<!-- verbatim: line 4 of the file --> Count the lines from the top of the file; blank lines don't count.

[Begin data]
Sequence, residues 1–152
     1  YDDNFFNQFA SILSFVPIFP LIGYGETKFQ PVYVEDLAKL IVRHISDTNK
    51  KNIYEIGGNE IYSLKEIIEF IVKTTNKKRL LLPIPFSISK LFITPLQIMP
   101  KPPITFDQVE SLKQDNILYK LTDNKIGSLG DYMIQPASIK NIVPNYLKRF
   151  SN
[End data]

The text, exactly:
   101  KPPITFDQVE SLKQDNILYK LTDNKIGSLG DYMIQPASIK NIVPNYLKRF